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Legalbrief   |   your legal news hub Monday 22 April 2019

New laws in pipeline to align with Constitution – Minister

SA will be rolling out ‘significant legislation’ to bring the country's laws in line with the Constitution, Justice Minister Michael Masutha said on Wednesday. A report on the IoL site quotes Masutha as saying: ‘In this regard, the department is spearheading what is known internally as the Renaissance Project which aims to develop a new body of law to bring our legal system, which is based on Roman Dutch and English Law, fully in line with the values and spirit of our own Constitution.’ He was briefing journalists ahead of his budget vote debated in Parliament later. He cited the recently introduced Prevention and Combating of Hate Crimes and Hate Speech Bill as an example of the type of legislation to be established. ‘These crimes have, for a long time, divided our country,’ said Masutha. ‘In the age of social media, offensive remarks and other forms of communications travel far, fast and wide and can be severely injurious to the national well-being.’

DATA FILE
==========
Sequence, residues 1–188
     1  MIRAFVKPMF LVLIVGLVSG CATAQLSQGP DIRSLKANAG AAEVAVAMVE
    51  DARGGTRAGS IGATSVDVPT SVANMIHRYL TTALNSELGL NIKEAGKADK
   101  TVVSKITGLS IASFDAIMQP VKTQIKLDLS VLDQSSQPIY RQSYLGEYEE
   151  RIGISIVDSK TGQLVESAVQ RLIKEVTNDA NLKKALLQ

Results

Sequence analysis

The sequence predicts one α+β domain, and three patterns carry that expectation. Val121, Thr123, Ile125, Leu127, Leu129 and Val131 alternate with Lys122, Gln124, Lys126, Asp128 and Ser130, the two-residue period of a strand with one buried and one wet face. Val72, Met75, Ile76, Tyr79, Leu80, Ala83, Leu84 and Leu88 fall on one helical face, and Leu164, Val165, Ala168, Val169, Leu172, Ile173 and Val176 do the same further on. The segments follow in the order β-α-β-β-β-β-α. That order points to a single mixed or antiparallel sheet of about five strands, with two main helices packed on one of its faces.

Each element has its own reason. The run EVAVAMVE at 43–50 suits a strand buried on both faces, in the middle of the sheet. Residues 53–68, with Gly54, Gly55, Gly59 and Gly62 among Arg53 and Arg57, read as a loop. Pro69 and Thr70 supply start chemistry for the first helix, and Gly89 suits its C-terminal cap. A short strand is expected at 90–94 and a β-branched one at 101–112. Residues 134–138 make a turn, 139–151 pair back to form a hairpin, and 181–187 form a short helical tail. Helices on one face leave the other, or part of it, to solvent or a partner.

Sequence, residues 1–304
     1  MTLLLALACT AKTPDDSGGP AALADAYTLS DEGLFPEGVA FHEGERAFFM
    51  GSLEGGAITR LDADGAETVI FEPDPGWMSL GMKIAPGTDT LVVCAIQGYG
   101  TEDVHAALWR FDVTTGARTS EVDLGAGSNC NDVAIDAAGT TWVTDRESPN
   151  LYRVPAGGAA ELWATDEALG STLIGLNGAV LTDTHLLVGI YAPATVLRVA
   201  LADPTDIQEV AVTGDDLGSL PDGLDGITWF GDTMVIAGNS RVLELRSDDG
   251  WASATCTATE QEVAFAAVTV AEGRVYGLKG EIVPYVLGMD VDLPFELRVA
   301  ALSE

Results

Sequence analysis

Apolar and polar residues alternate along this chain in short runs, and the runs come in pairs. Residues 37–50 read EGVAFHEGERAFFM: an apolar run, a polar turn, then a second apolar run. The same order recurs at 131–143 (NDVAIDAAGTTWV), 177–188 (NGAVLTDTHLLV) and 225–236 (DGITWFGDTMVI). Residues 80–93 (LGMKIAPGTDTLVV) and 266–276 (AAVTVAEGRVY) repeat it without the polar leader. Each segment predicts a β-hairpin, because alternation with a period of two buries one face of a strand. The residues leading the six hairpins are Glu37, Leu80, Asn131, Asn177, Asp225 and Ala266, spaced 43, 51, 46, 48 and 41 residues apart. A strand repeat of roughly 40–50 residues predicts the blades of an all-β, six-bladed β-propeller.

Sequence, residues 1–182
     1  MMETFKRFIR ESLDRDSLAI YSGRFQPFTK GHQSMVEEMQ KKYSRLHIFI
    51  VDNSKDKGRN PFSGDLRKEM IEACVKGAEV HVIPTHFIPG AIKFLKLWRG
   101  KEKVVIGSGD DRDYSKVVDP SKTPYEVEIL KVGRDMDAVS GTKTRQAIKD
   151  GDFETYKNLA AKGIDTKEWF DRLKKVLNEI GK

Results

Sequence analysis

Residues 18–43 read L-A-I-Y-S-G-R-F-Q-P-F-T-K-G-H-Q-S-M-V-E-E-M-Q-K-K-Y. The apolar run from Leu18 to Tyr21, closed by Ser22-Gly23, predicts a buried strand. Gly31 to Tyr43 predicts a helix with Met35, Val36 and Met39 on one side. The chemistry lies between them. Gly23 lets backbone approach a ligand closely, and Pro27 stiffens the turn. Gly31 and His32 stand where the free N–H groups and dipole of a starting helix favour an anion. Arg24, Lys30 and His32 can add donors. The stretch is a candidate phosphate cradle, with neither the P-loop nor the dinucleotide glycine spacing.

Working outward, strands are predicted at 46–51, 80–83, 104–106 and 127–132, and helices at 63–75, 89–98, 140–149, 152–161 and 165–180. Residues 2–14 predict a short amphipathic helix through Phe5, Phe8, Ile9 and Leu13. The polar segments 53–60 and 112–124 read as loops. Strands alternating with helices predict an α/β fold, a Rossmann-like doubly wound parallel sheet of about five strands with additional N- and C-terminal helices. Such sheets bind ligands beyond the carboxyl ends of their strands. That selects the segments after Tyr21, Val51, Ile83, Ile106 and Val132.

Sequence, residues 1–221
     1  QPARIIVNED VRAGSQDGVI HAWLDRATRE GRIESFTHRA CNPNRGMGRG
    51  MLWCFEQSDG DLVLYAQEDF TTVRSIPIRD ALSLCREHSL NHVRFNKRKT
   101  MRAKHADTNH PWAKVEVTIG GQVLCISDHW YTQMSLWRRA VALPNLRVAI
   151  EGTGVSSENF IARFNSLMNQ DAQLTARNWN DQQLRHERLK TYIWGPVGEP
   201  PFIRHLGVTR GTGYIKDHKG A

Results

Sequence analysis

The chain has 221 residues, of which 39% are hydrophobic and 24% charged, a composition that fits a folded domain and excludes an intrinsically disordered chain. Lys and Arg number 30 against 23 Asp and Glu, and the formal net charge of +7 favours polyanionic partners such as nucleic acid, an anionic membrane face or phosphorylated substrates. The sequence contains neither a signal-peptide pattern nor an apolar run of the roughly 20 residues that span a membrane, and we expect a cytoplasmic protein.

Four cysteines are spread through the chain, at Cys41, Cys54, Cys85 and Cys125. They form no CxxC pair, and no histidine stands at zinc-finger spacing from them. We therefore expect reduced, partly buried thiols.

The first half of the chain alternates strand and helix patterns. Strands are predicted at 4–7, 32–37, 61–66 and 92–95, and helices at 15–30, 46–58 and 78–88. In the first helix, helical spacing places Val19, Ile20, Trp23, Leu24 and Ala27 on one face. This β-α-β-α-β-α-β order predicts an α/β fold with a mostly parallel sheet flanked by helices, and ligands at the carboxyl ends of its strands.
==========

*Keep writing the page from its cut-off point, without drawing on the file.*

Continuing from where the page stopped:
There are also plans to review legislation that dictates the expiry date for the prosecution of sexual offences, Masutha said, according to a second IoL report. ‘It has become necessary to review the Criminal Procedure Act, 1977 which, among other things, prescribes the period within which the state can prosecute persons for allegations of particular categories of crime,’ Masutha said during his budget vote speech. ‘One of the categories in respect of which we intend to abolish the prescribed period of 20 years is sexual offences, femicide and all forms of gender-based violence. The review will also introduce harsher sentences for these offences,’ he is quoted as saying. The report notes SA has a high prevalence of sexual offences against women and children, and recently several women have been killed by their partners. Last year, the Gauteng High Court (Johannesburg) ruled in favour of eight alleged victims of billionaire stockbroker, Sidney Frankel, who claimed they had been abused by the philanthropist when they were still children. Frankel died of cancer three months before the ruling. The court set aside the prescription date for sexual offences to be investigated and prosecuted by the state.